|dc.description.abstract||In the wine industry, the importance of selecting an appropriate yeast strain, generally of
the species Saccharomyces cerevisiae, to ensure reliable fermentation and to achieve a
desired level of quality has been well established. As a consequence, the demand for
new starter cultures with improved or new oenological characteristics is increasing.
Appropriately selected starter cultures can reduce the occurrence of stuck
fermentations, impart specific aroma profiles and reduce the development of offflavours.
Using standard breeding and selection procedures, several wine yeast strains that
would be less likely than currently existing strains to experience stuck fermentation have
previously been developed at the Institute for Wine Biotechnology. The target of these
projects had been to develop strains with improved nitrogen efficiency [defined as the
amount of fermented hexoses for a given amount of free amino nitrogen (FAN)],
improved fructose utilization and ethanol tolerance. These three parameters are known
contributors to stuck fermentation. Two of the strains that had been isolated in these
projects, strain 116 for nitrogen efficiency and strain 38-1 for efficient fructose utilization,
were chosen as parental strains for the current study. The aim was to further improve
and possibly combine these traits in yeast strains by using hybridization followed by
various enrichment and directed evolution procedures in a continuous fermentation setup.
The strategy was to sequentially subject the population of mass-mated hybrids to a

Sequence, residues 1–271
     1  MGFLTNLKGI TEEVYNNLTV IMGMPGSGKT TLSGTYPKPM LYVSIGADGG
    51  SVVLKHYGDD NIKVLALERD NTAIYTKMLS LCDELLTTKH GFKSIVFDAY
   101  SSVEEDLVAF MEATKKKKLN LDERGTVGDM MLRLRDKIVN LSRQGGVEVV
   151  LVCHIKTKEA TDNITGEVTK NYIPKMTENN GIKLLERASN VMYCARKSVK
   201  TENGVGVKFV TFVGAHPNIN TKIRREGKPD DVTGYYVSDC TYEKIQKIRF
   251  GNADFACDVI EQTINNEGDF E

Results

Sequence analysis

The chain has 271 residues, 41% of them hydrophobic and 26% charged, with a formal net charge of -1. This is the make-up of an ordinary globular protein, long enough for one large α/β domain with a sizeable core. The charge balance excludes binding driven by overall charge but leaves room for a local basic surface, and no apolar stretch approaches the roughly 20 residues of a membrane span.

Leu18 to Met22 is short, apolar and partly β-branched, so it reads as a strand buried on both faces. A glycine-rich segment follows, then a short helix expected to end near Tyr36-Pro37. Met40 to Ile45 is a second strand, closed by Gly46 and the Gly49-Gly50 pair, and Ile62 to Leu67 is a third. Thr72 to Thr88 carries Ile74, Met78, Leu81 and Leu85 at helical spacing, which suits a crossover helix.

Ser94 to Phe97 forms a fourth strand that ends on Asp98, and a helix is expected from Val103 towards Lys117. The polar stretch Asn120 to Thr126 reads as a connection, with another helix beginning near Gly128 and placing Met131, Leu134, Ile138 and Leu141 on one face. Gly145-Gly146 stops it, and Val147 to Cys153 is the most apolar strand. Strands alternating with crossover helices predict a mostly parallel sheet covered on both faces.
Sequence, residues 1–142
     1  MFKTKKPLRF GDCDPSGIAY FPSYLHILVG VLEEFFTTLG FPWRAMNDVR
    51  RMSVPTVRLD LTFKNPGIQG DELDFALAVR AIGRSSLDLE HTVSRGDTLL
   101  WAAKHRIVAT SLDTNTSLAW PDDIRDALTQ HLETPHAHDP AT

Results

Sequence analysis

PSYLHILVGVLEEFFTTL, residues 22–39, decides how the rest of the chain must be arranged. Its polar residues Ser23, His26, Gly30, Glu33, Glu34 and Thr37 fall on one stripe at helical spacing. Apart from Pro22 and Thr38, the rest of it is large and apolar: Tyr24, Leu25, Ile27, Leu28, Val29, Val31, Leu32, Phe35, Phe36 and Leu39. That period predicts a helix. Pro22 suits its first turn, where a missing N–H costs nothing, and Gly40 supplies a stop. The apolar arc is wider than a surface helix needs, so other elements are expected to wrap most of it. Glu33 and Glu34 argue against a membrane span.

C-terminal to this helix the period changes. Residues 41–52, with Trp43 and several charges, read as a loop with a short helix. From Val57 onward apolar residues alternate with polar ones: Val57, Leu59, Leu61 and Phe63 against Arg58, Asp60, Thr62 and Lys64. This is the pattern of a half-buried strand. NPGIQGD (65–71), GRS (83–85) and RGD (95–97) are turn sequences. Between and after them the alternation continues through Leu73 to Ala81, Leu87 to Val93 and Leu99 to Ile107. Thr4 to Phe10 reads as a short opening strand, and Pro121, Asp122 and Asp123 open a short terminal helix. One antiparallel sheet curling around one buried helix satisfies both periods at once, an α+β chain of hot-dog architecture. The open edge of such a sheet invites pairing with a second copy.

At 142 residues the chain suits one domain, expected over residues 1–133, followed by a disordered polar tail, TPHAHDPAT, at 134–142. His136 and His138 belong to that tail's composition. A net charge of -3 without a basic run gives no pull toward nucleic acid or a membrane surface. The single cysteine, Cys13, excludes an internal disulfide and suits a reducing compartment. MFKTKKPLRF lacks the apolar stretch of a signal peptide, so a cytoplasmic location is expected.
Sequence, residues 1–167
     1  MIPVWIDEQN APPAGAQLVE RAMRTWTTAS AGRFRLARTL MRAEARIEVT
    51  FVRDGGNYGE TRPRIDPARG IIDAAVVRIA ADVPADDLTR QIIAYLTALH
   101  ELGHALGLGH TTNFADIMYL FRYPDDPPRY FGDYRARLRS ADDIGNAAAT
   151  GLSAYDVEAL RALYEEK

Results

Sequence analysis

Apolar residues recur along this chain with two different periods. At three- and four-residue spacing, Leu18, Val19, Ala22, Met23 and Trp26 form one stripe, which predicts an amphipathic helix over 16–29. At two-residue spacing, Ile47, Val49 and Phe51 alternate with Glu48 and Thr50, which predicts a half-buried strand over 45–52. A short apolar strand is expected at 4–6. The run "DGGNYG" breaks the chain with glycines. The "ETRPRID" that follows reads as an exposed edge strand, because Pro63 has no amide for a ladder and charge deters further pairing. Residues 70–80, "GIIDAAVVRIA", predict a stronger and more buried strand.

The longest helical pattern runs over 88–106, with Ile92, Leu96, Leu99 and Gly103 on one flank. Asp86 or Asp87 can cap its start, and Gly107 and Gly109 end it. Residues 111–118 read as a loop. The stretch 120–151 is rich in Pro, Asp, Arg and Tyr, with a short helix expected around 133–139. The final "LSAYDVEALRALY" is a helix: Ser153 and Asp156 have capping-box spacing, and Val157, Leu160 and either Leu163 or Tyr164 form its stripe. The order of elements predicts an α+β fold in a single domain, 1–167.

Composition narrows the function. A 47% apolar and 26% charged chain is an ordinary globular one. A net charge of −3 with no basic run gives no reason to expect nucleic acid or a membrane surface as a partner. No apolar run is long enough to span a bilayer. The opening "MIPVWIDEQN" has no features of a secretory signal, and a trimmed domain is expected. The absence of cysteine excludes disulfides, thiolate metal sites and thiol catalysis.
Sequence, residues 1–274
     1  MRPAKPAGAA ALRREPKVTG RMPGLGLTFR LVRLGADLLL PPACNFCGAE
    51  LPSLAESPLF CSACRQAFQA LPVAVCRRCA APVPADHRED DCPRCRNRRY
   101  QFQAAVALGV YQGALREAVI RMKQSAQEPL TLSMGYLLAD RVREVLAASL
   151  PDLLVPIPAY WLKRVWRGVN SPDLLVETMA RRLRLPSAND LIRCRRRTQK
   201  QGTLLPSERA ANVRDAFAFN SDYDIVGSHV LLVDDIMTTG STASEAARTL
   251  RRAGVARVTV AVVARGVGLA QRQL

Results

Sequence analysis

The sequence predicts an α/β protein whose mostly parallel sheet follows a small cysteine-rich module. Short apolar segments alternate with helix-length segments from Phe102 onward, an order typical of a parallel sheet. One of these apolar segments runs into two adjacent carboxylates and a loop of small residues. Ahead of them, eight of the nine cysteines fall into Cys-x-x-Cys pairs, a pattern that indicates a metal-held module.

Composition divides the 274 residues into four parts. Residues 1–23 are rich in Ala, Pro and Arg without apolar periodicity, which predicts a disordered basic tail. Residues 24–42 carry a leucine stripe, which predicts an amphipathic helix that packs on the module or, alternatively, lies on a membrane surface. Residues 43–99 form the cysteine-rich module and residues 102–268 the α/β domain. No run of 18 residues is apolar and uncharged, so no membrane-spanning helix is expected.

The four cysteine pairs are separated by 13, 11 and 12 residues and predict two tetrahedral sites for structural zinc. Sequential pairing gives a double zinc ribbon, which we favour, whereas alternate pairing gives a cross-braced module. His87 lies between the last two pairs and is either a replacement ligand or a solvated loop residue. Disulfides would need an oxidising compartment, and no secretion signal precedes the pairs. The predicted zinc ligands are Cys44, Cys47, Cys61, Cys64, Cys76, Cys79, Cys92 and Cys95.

number of selective environments for a large number of generations. The yeasts were
subjected to a high fructose/glucose ratio for 12 generations, followed by selection in an
environment with a limited supply of nitrogen for 54 generations and finally to high
ethanol stress. After each round of enrichment, individual strains were analysed to
assess the results.
For the hybrid strains selected after enrichment in a medium with a high
fructose/glucose ratio, no general improvement could be discerned. However, one of
the hybrids, hybrid strain 331, fermented fructose better than the parental strains and
other hybrid strains. These results may suggest that the selection pressure was not
applied for a sufficient number of generations and may not have been sufficiently
strong. In addition, the parental strain may already performing at a rate that may render
further improvement more difficult in this genetic background.
The next aim of this study was to enhance fermentation performance of wine yeast
hybrid strains in low nitrogen and high sugar conditions. Several hybrid strains 331,
RR03 and 05R generated in this study showed improvement in efficiency of nitrogen
utilization when compared to the parental strains, indicating a successful selection
Several strains also showed higher ethanol tolerance, and some strains possessed]
combinations of the traits to be improved. Future research will evaluate these hybrids regarding the production of aromatic
compounds and of the sensory profile produced. Such strains would help the wine
industry to control the occurrence of stuck fermentations and to produce quality wines.||en